Friday, November 6, 2015

Anatomy of a Meltdown

*Below is an anecdotal account of what it's like to melt down. I have used information from autistic friends. However, I've tried to tell this in a first person narrative in order to keep my friends' privacy intact. Please note, I'm not speaking of aggression. 

I'm really terrible with managing my emotions. For me, feelings fall into two categories- forced apathy and everything else. When I melt, I melt big.

Sometimes, I know it's coming.

There is a tsunami of emotions racing through me, maybe for an hour, day, week or even month. I'll congratulate myself inwardly for not blowing up, for not crying. I try to appear as "normal" as possible, but that add to the wave I know is coming.

I start to notice that sounds sound louder, textures sharper, emotions are "bigger." I feel like I'm in a pressure cooker and it scares me.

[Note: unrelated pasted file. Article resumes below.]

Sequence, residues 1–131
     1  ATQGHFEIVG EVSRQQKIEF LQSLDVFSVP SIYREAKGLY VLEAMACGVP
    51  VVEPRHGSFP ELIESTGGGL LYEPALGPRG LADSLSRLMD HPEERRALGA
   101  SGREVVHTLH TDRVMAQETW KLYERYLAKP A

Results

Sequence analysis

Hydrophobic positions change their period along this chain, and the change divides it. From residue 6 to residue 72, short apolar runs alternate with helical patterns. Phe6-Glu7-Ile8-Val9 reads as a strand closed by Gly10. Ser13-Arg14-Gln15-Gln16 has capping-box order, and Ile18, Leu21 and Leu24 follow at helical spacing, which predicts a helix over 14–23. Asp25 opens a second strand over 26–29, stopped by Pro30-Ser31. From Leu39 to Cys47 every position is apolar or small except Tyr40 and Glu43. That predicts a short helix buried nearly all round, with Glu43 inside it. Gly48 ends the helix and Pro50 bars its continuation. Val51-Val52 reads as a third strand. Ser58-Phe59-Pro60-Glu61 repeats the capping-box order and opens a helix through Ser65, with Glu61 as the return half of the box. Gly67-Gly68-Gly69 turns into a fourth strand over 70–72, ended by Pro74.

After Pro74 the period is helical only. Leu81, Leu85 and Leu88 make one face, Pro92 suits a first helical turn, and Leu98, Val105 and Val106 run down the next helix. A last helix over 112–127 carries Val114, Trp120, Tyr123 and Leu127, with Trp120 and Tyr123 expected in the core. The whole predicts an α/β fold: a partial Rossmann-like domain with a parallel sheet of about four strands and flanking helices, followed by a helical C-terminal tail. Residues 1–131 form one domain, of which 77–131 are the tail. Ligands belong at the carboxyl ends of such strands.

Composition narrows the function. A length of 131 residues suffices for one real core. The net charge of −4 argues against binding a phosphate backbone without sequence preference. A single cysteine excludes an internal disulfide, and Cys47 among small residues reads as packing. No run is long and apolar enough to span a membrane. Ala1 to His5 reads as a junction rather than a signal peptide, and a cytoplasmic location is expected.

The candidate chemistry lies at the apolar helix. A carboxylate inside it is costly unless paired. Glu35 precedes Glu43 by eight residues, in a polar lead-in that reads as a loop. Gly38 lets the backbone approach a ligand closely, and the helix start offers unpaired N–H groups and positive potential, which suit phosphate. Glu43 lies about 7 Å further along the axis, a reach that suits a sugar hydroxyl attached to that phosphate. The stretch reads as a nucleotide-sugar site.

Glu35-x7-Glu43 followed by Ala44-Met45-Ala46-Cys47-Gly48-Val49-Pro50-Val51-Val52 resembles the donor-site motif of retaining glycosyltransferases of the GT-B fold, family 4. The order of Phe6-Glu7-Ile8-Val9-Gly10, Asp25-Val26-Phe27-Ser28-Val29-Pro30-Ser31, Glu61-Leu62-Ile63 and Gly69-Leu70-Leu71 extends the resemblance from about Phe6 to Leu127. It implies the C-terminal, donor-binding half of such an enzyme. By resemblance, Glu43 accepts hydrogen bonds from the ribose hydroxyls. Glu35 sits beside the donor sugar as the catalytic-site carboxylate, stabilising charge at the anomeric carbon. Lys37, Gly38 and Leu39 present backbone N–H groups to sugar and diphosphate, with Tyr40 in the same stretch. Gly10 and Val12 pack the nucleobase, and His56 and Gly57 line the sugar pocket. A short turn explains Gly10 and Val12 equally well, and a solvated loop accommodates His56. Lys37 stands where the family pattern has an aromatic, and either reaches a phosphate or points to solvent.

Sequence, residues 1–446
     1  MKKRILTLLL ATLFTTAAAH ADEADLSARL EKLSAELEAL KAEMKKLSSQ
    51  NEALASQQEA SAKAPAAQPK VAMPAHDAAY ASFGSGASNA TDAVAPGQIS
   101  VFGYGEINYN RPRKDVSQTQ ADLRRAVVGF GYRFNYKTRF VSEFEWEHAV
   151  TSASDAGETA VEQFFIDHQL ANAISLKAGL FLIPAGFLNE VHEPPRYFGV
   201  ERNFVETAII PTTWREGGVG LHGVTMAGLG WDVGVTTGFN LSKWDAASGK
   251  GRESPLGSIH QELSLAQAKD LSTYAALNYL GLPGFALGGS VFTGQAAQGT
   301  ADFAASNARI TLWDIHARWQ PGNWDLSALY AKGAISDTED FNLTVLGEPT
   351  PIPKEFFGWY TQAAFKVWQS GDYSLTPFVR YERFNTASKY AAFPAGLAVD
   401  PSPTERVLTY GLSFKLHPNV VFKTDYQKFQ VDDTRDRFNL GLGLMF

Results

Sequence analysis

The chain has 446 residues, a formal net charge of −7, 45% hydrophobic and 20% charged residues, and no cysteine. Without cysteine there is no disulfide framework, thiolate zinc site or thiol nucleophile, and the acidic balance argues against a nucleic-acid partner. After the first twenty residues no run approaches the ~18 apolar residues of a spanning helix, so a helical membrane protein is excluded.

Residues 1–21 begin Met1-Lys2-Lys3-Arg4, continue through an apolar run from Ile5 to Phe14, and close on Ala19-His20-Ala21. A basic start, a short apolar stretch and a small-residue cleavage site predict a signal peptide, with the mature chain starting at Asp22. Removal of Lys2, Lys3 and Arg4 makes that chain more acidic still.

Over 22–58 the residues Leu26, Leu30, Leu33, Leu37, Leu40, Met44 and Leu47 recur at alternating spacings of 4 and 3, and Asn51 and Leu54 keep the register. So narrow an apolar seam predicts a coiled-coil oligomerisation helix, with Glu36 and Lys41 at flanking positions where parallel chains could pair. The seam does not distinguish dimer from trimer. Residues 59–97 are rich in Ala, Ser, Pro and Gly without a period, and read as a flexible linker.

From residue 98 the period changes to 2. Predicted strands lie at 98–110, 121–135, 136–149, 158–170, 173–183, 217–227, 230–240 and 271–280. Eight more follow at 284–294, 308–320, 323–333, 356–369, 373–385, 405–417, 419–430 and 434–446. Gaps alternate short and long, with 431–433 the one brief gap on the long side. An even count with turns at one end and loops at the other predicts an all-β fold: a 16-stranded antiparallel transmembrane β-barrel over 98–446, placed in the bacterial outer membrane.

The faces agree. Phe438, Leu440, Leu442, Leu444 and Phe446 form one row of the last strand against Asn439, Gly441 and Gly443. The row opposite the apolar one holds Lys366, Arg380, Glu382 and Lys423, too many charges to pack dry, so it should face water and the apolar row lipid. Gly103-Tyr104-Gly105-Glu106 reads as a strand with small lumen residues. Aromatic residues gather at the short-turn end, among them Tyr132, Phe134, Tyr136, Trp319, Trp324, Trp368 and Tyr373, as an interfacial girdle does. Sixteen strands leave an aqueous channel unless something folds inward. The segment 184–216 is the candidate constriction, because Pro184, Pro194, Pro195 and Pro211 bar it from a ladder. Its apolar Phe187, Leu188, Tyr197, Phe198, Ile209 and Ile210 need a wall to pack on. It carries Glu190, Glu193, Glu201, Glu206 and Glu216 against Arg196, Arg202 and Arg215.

A meltdown can be described as peddling a bike up a big, slippery, and steep hill. It feels like a heavy load is attached to the back and front of whatever I'm fighting. I push and push to get to the top, battling my emotions and flight or fight reflex, just barely feel the crest, and then, I start to speed out of control and I fly down.

I cannot stop, it's all systems go. My brakes no longer work and any coping mechanism I've developed is tossed to the wayside. I might get hurt on the way to the end, or hurt others, but I know it's coming and, to a degree, that makes me feel better.

I can't stop until I crash at the bottom of the hill.

Pieces of emotions are everywhere I turn. It feels better to finally explode than it does to keep it bottled up.

Sometimes, I don't remember my melts accurately. I do and say things without any impulse control. I throw things, say things which aren't true, and cry a lot. I shake, I have millions of racing thoughts. I get dizzy, even.

My melts can last for hours. I try my damnedest to stay out of other people's way, lest they get hurt by my words or flying objects. Most of the time, I'm avoiding my triggers left and right, top to bottom. I'm trying to not fall apart.